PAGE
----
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Phosphorus allocation to and resorption from leaves regulate the residence time of phosphorus in aboveground forest biomass on Mount Kinabalu, Borneo

Citation

Tsujii, Yuki; Aiba, Shin-ichiro; Kitayama, Kanehiro (2020), Phosphorus allocation to and resorption from leaves regulate the residence time of phosphorus in aboveground forest biomass on Mount Kinabalu, Borneo, Dryad, Dataset, https://doi.org/10.5061/dryad.70rxwdbtx

Abstract

1. The residence time of phosphorus (P) in trees is a consequence of plant adaptation to P deficiency, with longer P residence time on soils with low P availability. P residence time has been studied at the leaf or canopy level but seldom at the whole-tree level. Whereas P residence time at the leaf or canopy level is largely determined by leaf longevity and the resorption of P before leaf abscission, P residence time at the whole-tree level will also be influenced by differences in P allocation to different plant parts because leaves and woody organs have distinct longevities.

2. We estimated the residence time of P in aboveground tree biomass (AGB) as the ratio of P mass (i.e. leaves plus wood) to the annual flux of P via litterfall (i.e. fine litter plus coarse woody debris) for seven tropical rain forests with different soil P availabilities on Mount Kinabalu, Borneo. We analysed the effects of P allocation to and resorption from leaves on P residence time along a soil P gradient.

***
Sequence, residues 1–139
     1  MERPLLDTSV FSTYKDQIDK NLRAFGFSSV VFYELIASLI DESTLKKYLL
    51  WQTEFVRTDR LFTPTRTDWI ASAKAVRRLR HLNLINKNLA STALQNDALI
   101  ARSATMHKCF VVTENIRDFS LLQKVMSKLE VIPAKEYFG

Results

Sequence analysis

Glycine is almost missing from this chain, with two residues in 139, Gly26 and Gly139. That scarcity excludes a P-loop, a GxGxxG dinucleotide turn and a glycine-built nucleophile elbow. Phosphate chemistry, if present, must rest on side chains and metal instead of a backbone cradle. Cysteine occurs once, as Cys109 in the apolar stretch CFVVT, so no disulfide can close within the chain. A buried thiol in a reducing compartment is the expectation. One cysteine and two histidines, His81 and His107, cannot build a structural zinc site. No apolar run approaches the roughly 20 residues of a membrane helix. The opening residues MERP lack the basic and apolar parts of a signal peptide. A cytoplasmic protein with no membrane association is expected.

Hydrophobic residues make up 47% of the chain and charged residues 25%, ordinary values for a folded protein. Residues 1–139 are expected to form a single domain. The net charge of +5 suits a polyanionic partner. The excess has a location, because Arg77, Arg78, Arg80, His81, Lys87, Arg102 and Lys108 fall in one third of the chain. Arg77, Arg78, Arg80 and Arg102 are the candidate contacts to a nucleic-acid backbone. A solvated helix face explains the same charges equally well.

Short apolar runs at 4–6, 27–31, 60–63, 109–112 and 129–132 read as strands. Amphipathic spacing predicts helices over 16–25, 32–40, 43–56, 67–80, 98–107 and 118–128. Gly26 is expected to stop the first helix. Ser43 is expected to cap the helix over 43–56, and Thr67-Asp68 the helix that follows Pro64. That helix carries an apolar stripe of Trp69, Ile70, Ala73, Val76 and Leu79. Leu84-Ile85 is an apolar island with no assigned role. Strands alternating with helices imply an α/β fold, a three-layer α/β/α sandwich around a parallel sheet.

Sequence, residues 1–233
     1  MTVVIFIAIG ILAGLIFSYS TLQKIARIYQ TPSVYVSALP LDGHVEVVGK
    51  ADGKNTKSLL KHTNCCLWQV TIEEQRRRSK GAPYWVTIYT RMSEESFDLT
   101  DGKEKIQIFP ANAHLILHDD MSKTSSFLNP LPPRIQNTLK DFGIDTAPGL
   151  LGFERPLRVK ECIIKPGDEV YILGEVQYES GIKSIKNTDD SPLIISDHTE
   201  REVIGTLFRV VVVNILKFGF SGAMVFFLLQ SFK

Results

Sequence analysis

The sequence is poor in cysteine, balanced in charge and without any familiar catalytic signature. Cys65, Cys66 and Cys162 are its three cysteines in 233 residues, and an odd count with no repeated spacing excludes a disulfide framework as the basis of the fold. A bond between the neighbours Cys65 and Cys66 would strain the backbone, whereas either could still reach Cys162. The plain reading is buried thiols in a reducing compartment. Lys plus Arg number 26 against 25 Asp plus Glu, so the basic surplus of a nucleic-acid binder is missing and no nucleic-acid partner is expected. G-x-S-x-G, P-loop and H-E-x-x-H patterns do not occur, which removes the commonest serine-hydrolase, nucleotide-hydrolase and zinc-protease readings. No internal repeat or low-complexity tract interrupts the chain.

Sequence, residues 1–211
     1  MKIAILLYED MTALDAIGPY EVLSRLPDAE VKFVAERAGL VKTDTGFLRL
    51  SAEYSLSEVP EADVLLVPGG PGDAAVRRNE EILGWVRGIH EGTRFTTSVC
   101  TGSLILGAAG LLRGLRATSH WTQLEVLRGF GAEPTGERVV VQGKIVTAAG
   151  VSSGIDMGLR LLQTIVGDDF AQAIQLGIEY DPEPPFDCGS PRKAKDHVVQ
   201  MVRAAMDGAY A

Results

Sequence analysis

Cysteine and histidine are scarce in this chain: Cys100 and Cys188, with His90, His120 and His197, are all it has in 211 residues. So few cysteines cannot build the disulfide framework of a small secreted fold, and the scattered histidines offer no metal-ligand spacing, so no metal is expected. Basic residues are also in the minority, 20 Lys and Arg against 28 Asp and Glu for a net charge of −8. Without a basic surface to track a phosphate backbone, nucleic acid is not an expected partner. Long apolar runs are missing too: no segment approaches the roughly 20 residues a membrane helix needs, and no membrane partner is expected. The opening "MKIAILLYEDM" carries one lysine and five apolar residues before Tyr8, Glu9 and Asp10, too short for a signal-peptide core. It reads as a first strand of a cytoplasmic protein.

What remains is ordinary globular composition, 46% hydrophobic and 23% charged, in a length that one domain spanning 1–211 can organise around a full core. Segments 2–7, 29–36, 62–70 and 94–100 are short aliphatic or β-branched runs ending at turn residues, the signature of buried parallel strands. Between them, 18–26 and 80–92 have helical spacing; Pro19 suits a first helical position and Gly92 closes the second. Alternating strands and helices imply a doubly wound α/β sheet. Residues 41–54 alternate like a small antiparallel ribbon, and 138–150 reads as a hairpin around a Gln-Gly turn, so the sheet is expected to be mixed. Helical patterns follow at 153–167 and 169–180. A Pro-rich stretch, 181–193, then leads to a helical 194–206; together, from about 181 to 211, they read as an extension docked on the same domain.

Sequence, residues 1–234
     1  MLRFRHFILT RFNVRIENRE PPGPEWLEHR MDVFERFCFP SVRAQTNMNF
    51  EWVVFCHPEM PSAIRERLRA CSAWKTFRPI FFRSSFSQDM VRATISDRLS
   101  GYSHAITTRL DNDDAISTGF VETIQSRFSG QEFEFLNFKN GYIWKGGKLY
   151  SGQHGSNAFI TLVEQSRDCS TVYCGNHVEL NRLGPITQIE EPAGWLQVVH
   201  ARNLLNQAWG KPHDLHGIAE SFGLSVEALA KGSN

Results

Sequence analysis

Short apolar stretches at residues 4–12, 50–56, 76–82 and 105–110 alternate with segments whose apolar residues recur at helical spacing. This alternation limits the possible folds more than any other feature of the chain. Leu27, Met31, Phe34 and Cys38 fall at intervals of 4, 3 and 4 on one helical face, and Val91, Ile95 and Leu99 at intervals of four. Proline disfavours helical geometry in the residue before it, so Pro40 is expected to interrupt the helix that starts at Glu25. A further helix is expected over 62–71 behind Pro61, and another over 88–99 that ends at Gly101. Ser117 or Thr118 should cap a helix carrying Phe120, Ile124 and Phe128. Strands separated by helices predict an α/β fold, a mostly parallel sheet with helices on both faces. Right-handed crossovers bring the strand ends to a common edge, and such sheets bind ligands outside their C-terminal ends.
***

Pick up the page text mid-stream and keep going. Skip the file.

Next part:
3. P residence time (2.7–9.8 years) was approximately one fifth of biomass residence time (AGB/annual litterfall mass; 19.8–48.8 years). This was due to a disproportionately greater relative allocation of P to leaves (P mass in leaves/P mass in AGB; 0.11–0.46), which had a smaller fraction of biomass (leaf biomass/AGB; 0.02–0.05) but a shorter longevity (1.0–1.8 years).

4. The relative allocation of P to leaves was often high on low-P soils, and P residence time was expected to be short. By contrast, the resorption rate of P from leaves was also high on low-P soils, which extended P residence time with P deficiency. Consequently, P residence time was nearly constant across the forests.

5. The short residence time of P relative to biomass indicates that P residence time depends largely on relative P allocation among plant organs. Similar P residence times among sites were maintained because greater P allocation to leaves on low-P soils was effectively offset by higher P-resorption efficiency.